By Sue Botos
When Joe’s Deli owners Joe and Jeanette Kanaan submitted plans for a new restaurant to the city planning commission about three years ago, they included a driveway off of Rockcliff Drive at the rear of their property. At that time, it was stated that additional access was needed for the popular Rocky River restaurant, at the corner of Hilliard and Wooster roads, aside from the existing drive that caused many customers, when leaving, to make a left turn onto busy Hilliard.
The driveway idea was turned down by the planning commission on the basis that Rockcliff, a two-lane road leading to the Metroparks, already served enough traffic. Members stated that, in addition, the proposed drive would add to the congestion at the intersection of Wooster and Rockcliff.
Residents of Rockcliff were relieved, but the feeling didn’t last long, as the Kanaans have brought the issue to the city again, represented by attorneys David Matty, former city law director, and Bruce Rinker, who is also mayor of Mayfield Village.
“We know Joe and Jeanette take the best interest of their customers to heart. They listen to their customers,” said Rockcliff resident Andy Calladine, who, with his wife Carole, lives across the street from the proposed driveway site and next to the parking lot for Ferris Steak House.
“Older people feel safer turning right. We understand the concept and theory,” continued Calladine. However, he said that the “bottom line” was that traffic at the intersection of Hilliard and Wooster was already backed up at peak hours. With cars and pedestrians coming up the hill from the Metroparks, plus the driveway from Ferris (off of Rockcliff), the addition of another drive could be a recipe for disaster.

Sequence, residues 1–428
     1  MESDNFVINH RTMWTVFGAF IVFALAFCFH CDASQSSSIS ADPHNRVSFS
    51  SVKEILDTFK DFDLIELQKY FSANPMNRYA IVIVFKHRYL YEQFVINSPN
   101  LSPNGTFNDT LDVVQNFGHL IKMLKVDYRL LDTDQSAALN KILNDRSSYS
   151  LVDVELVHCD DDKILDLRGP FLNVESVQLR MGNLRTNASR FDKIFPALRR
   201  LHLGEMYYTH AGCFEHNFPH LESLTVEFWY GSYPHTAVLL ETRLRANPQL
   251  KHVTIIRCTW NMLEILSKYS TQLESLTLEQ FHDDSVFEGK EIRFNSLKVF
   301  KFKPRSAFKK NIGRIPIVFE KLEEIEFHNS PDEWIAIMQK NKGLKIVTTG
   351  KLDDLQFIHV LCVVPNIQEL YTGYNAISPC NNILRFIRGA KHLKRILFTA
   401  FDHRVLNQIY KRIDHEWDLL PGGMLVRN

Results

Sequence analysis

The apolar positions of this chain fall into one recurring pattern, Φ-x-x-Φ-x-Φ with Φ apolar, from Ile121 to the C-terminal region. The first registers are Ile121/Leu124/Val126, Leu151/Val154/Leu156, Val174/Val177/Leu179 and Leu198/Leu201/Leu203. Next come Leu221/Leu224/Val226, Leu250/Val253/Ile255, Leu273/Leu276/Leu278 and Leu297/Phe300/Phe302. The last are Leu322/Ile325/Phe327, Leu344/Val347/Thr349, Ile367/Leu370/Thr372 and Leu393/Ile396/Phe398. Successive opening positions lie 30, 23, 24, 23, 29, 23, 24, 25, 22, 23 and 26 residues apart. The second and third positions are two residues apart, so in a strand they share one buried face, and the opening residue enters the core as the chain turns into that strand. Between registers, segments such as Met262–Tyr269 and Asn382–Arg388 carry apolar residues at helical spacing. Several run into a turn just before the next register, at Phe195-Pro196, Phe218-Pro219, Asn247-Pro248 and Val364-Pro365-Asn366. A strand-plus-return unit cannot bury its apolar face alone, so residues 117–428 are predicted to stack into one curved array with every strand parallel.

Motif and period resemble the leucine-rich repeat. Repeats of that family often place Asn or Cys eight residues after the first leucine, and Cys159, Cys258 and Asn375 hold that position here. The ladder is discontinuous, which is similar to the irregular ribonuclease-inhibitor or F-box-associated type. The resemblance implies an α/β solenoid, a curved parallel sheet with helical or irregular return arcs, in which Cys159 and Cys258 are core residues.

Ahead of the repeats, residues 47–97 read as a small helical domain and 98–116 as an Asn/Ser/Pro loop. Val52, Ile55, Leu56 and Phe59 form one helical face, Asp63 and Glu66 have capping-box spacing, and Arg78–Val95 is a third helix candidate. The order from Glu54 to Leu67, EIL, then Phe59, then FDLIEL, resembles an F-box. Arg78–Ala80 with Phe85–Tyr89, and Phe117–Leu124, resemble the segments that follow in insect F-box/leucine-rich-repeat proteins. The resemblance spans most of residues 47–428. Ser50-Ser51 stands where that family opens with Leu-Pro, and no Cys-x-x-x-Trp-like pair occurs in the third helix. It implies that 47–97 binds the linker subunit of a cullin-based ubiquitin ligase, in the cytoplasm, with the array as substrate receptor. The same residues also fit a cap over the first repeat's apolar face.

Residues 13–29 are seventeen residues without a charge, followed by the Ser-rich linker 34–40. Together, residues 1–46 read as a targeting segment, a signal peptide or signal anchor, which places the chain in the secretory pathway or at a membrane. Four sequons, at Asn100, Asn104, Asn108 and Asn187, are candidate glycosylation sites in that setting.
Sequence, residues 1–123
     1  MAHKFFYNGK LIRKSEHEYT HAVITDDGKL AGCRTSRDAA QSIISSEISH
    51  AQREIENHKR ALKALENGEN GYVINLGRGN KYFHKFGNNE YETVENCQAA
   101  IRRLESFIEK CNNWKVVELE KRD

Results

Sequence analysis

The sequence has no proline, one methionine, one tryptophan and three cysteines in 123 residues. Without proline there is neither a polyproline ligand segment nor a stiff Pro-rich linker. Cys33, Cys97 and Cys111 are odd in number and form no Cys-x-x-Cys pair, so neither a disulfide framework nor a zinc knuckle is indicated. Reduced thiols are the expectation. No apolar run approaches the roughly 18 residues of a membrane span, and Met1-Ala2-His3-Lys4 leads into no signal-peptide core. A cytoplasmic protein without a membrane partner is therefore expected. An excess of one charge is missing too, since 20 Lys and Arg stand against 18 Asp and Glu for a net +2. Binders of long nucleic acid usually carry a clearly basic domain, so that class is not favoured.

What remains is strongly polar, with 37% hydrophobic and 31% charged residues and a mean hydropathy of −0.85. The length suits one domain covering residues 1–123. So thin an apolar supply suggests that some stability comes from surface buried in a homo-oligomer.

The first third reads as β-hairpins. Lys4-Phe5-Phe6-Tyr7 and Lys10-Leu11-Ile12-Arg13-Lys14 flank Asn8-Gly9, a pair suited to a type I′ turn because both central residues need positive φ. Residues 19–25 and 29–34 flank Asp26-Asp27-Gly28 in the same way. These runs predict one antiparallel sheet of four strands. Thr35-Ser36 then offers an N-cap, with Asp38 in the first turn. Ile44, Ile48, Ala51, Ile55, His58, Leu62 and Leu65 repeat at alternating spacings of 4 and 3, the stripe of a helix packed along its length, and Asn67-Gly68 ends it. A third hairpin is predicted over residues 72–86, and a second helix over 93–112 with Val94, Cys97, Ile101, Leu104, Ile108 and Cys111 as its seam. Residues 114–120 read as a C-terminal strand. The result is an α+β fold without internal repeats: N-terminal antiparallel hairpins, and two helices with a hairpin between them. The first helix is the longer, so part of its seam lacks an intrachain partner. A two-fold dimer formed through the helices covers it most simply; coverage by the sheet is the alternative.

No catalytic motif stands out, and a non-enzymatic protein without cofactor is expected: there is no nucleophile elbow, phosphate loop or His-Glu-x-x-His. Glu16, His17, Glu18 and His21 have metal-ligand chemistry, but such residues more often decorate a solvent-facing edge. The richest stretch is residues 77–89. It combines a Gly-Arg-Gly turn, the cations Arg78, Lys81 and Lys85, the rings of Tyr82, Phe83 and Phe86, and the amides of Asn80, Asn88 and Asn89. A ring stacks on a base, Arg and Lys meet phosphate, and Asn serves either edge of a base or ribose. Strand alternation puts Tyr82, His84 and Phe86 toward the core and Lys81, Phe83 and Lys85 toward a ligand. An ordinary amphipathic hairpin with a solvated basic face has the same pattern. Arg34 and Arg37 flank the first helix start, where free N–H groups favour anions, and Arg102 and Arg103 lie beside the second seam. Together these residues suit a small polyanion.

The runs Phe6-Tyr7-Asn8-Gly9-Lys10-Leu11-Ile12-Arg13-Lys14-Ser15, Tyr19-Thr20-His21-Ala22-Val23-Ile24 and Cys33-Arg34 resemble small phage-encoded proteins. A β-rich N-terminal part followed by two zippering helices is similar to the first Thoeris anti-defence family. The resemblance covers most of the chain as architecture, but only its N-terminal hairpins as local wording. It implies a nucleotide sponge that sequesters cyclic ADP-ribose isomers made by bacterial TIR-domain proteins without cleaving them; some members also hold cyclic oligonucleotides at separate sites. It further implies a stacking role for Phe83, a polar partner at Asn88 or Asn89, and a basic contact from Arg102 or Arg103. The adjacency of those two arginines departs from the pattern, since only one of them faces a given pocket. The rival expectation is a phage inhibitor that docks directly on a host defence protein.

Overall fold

“This would add to the mess. Wooster is the only access at this end of the city for semis making deliveries. It’s scary to sit in the (left) turn lane and have a beast of a truck coming at you,” Calladine stated.
The Kanaans would not speak with West Life regarding their renewed campaign for the driveway, but building Commissioner Kevin Beirne speculated that their customers, many of whom are elderly, encouraged them to do so. “The customers have been complaining about the driveway, and the paramedics would also like another (access point),” he stated.
Councilman at Large Mike Harvey, who headed the planning commission during Joe’s first request for an additional driveway, noted that at that time, “Ferris was not in the picture.” He said that what is now the steakhouse was formerly O’Malley’s Rockcliff, which drew a smaller crowd than Ferris. “Parking was not an issue,” Harvey said, pointing out that during busy times, Ferris diners park on Rockcliff, adding to the congestion.
Harvey added that residents living on Rockciff are concerned over a “chain reaction” of businesses pressuring homeowners to sell. Calladine said that when he and his wife bought their home, which overlooks the Metroparks, they were unaware that the area had been zoned commercial in the 1970s. He stated that Matty, representing Joe’s, had approached them about buying their property for parking, but Calladine was not interested. “We wanted $180,000 and they offered $150,000 to $160,000,”
he recalled. When Ferris was O’Malley’s, owner Mike O’Malley also visited the Calladines with the plan of tearing down their home and the restaurant to make way for a condominium complex. “We were offered a suite in the condominium in return, but Mike O’Malley died, and we never heard anything else,” he said.
In addition, Calladine noted that Joe’s owners had already purchased and torn down a home directly across Rockcliff when they built their new restaurant, replacing an older building that had sat on the eastern end of their property for many years.
Regardless of the outcome, Harvey predicted that round two of the driveway dispute would not be easily resolved. “The neighbors will continue to come out (to protest). I don’t know (what) their (Joe’s) rationale is for trying again, but they decided they are going to war,” he noted.